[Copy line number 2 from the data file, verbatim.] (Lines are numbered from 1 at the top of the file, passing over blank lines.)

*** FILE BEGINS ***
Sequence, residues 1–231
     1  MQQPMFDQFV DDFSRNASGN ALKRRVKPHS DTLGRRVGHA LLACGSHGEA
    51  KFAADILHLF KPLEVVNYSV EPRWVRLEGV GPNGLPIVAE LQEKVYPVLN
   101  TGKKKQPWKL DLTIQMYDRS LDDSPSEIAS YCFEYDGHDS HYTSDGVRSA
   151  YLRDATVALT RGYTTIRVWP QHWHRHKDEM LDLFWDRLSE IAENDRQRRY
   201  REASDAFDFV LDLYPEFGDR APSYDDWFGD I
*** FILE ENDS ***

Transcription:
     1  MQQPMFDQFV DDFSRNASGN ALKRRVKPHS DTLGRRVGHA LLACGSHGEA